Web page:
I saw “Buyer and Cellar” back in 2014 at the Barrow Street Theater on Barrett Foa’s first night in the piece. It originally was done at the Rattlestick Playwright’s Theater with Michael Urie (“Ugly Betty”), from where it moved to Barrow Street. It is a one-man show that is a tour-de-force for any actor brave enough to take it on.
Written by Jonathan Tolin, who created the much more serious “Twilight of the Golds,” this is the story of Alex More, an erstwhile gay actor in L.A. who has been trying to break into show business, but whose latest gig, which ended badly, was Mayor of Toontown at Disneyland. A friend he had a tryst with on the Matterhorn at Disney gets him an opportunity at a house in Malibu. This opportunity is cloaked in secrecy and it turns out to be the chance of a lifetime — to work for Barbra Streisand!
The Bucks County Playhouse, no doubt, thought this would be a good vehicle for them — a one-person, winsome romp with a winsome actor that would be low cost and fun for the audience — which is all true. But the added virtue of seeing it now is that, at the end of a political season where there has been a bit of canonization of the candidates by the masses that follow them, the premise of blind devotion and eventual disillusionment when you realize your superstar is not exactly as they seem, makes for timely comedic commentary.
The play came into existence because Barbra’s coffee table design book, “My Passion for Design,” which offered detailed insight into the life of Ms. Streisand, and was purchased by Jonathan Tolin’s husband in 2010. Streisand has always been known for her precise attention to detail and personal style, and the tome featured the main house, a barn, a mill, a garden — a theatrical production in itself.
But what’s interesting about seeing the diva’s home is the discovery that, like many of us, she is a collector. And that was one part of the book that really captivated Tolin’s imagination. In an article he authored concerning the genesis of the play in the New York Times in 2013, Tolin said, “But what most excited me was the mall. In the basement of the barn on the estate, there’s a street of shops built solely to display Barbra’s collections. There’s Bee’s Doll Shop, a “gift shoppe,” an antique clothes boutique and so on.” This mall was inspired by a visit by Ms. Streisand to the decorative arts museum Winterthur Museum, Garden and Library in Winterthur, Delaware.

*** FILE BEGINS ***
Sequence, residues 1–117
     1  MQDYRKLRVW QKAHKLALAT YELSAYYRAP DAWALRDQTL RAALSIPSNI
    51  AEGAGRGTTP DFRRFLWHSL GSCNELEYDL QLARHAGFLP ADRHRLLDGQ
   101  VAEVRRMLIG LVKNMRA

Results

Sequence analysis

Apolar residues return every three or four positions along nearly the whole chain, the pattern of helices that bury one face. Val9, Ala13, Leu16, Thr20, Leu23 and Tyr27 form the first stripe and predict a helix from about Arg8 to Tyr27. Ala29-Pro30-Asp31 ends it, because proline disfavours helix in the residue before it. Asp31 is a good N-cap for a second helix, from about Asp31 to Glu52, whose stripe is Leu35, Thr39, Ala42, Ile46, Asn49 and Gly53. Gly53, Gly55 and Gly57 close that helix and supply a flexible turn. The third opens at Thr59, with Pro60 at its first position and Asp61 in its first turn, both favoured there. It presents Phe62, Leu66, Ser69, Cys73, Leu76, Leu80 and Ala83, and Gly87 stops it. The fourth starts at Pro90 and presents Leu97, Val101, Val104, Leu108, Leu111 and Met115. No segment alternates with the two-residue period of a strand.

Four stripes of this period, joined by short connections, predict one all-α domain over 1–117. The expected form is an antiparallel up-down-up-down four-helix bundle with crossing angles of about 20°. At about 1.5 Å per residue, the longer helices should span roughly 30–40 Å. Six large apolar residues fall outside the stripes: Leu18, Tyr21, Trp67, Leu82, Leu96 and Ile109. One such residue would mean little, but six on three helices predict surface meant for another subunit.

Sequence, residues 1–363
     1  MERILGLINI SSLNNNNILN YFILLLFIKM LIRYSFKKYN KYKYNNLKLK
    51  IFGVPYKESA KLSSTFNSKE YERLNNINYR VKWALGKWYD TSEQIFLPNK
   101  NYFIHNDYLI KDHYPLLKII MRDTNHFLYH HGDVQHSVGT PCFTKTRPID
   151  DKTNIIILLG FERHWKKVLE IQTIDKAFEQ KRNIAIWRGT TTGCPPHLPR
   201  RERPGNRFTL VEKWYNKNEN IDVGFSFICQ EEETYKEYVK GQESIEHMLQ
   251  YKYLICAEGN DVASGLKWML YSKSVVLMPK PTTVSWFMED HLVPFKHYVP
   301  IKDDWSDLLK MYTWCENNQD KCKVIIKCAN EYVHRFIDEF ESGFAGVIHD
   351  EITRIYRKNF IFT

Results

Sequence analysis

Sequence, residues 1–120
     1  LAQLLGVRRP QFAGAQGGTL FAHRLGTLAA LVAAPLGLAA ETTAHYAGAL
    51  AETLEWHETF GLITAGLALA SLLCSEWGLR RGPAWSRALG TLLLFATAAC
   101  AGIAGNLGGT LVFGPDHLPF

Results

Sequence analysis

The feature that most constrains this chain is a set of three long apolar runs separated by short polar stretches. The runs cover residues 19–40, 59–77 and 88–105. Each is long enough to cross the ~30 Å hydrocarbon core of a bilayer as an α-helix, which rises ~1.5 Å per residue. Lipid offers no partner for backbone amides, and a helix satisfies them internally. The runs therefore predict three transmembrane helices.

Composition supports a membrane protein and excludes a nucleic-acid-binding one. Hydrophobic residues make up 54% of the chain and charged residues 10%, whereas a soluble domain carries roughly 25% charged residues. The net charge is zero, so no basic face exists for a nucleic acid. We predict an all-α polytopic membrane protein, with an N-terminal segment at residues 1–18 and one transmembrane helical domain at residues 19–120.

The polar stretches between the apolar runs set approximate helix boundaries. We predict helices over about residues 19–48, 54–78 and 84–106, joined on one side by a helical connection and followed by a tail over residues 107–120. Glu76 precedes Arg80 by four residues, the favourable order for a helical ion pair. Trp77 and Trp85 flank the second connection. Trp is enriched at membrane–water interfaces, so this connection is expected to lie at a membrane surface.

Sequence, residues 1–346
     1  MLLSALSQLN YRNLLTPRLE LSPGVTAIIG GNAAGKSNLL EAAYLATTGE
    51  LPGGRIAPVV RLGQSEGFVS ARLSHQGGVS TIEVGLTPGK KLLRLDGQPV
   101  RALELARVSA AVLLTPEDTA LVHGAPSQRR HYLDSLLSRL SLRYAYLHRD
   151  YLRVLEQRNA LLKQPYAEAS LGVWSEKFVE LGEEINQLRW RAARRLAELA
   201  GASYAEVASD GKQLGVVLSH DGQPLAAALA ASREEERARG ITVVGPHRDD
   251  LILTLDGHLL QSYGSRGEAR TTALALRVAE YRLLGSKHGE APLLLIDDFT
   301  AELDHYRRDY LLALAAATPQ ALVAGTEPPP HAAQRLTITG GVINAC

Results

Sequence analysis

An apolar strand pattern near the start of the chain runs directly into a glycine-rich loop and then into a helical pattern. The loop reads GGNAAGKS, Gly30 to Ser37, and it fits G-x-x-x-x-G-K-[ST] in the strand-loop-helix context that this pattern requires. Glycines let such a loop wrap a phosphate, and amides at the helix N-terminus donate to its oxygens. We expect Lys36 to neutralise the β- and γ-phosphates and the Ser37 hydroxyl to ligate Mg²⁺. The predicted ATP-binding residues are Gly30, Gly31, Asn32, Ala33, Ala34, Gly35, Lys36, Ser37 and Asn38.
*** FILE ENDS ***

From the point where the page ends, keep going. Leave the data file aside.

And thinking about collecting and “how fun and funnily peculiar” it is to have a mall of shops for your collectibles in your basement, Tolin juxtaposed that idea with hiring a gay actor to care for her mall. What ensues is a funny play about status, the loneliness of being an icon, and the idolization of the famous.
Nick Cearley is magnificent as Alex More, the erstwhile actor/Streisand curator who, within 100 non-stop minutes, tells the tale by becoming in turn his loving, yet critical, boyfriend, Barry, along with James Brolin, and of course, the divine Ms. Streisand. Cearley can be remembered from the Bucks County Playhouse’s “The Rocky Horror Show” and “Plaid Tidings.” He is also well-known as one half of “The Skivvies.” With Lauren Molina, they sing for their supper in their underwear. It is hilarious, camp and great musicianship, and they will be appearing at he Playhouse on Feb. 24, 2017.
What is on display in this production is the depth of Cearley’s acting chops. He is tireless, invested in his story, and is brilliant in painting the world of Alex and Babs. If you were an admirer of this young man’s talent before, having seen him in musicals, you will come away with an even deeper admiration of his talents after seeing him in “Buyer and Cellar.”
For those who want a respite from all the recent political rancor, why not hang out at the mall? The one in Barbra Streisand’s basement on display at the Bucks County Playhouse through Nov. 26 is the place to go. It will be one of the blessings to be thankful for this Thanksgiving. Tickets are available online.